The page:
“Cruelty should not be confused with economic development,” said state Assemblywoman Linda Rosenthal, a Democrat from Manhattan, who is sponsoring the state legislation. “Fur relies on violence to innocent animals. That should be no one’s business.”
The fate of the proposals could be decided in the coming months, though supporters acknowledge New York City’s measure has a better chance of passage than the state legislation.
The fur trade is considered so important to New York’s development that two beavers adorn the city’s official seal, a reference to early Dutch and English settlers who traded in beaver pelts.
At the height of the fur business in the last century, New York City manufactured 80% of the fur coats made in the U.S, according to FUR NYC, a group representing 130 retailers and manufacturers in the city. The group says New York City remains the largest market for fur products in the country, with real fur still frequently used as trim on coats, jackets and other items.
If passed, New York would become the third major American city with such a ban, following San Francisco, where a ban takes effect this year, and Los Angeles, where a ban passed this year will take effect in 2021.
Elsewhere, Sao Paulo, Brazil, began its ban on the import and sale of fur in 2015. Fur farming was banned in the United Kingdom nearly 20 years ago, and last year London fashion week became the first major fashion event to go entirely fur-free.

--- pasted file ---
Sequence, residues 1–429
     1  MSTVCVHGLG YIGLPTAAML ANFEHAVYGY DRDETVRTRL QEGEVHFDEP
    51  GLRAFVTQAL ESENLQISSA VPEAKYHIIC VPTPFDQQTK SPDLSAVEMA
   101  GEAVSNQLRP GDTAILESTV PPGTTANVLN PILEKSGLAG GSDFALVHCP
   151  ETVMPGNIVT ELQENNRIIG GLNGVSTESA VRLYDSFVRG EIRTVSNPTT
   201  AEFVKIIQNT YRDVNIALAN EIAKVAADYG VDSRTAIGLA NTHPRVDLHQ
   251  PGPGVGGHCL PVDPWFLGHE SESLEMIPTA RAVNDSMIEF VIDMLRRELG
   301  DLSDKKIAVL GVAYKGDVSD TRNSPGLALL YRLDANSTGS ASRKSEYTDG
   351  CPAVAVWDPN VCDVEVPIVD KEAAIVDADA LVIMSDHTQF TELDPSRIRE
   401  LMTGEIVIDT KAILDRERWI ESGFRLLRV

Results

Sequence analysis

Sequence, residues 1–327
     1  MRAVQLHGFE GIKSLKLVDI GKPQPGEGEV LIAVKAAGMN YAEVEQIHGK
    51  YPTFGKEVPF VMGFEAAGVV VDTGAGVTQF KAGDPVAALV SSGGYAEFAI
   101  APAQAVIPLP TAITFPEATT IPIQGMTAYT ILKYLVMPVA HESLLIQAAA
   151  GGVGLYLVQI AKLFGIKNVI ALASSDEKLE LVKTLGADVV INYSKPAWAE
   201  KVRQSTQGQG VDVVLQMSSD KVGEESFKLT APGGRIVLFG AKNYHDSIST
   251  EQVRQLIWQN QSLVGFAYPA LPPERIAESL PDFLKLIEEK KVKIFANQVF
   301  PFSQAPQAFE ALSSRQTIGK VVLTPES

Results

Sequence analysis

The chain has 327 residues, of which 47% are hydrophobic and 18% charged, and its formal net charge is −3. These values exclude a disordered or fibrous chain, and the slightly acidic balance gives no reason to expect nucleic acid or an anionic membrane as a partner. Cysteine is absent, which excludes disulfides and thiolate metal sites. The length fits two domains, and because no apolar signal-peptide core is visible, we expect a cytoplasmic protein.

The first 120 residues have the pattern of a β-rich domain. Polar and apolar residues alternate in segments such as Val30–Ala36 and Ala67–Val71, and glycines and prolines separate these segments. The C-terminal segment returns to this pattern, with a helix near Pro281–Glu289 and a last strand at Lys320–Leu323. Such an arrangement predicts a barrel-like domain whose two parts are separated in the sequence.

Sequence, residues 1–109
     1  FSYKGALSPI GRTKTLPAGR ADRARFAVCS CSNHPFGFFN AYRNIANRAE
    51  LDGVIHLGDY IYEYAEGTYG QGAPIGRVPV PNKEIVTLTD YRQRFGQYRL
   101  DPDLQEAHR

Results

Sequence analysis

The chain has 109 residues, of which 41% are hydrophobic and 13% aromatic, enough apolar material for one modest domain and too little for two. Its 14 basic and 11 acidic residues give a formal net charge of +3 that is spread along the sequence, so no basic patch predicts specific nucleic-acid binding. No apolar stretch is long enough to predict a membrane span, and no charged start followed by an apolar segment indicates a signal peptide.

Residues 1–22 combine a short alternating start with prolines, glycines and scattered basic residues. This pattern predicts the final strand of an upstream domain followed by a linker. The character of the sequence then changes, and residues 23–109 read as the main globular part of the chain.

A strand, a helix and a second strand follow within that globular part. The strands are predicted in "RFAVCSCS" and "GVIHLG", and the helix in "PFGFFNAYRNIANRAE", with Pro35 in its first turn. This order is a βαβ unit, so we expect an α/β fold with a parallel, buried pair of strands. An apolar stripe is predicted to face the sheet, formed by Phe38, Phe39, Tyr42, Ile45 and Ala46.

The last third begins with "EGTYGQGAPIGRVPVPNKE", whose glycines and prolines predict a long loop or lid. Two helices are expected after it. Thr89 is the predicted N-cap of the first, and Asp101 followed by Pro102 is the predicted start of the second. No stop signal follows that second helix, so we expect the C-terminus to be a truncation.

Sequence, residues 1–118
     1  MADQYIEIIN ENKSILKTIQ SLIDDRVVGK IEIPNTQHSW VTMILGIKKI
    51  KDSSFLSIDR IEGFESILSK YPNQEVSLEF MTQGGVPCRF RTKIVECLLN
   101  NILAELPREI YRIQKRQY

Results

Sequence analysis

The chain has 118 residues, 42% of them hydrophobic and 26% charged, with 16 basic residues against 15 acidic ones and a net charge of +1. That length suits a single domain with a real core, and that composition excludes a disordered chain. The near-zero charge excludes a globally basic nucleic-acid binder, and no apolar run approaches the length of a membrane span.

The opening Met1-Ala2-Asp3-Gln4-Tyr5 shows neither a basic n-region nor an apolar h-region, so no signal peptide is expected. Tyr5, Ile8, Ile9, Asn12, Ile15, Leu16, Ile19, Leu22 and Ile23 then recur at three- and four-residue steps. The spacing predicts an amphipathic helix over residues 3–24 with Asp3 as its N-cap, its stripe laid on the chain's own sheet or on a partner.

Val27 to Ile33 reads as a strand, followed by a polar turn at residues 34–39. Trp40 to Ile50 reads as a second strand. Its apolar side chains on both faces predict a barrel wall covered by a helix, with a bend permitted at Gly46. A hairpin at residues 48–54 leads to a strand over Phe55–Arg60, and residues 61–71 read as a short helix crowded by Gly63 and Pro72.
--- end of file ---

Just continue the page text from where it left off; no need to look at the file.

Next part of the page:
Fur industry leaders warn that if the ban passes in New York, emboldened animal rights activists will want more.
“Everyone is watching this,” said Nancy Daigneault, vice president at the International Fur Federation, an industry group based in London. “If it starts here with fur, it’s going to go to wool, to leather, to meat.”
When asked what a fur ban would mean for him, Nick Pologeorgis was blunt: “I’m out of business.”
Pologeorgis’ father, who emigrated from Greece, started the fur design and sales business in the city’s “Fur District” nearly 60 years ago.
“My employees are nervous,” he said. “If you’re 55 or 50 and all you’ve trained to do is be a fur worker, what are you going to do?“
Supporters of the ban contend those employees could find jobs that don’t involve animal fur, noting that an increasing number of fashion designers and retailers now refuse to sell animal fur and that synthetic substitutes are every bit as convincing as the real thing.
They also argue that fur retailers and manufacturers represent just a small fraction of an estimated 180,000 people who work in the city’s fashion industry and that their skills can readily be transferred.
“There is a lot of room for job growth developing ethically and environmentally friendly materials,” said City Council Speaker Corey Johnson, who introduced the city measure.
New Yorkers asked about the ban this week came down on both sides, with some questioning if a law was really needed.
“It is a matter of personal choice. I don’t think it’s something that needs to be legislated,” said 44-year-old Janet Thompson. “There are lots of people wearing leather and suede and other animal hides out there. To pick on fur seems a little one-sided.”
Joshua Katcher, a Manhattan designer and author who has taught at the Parsons School of Design, says he believes the proposed bans reflect an increased desire to know where our products come from and for them to be ethical and sustainable.
“Fur is a relic,” he said.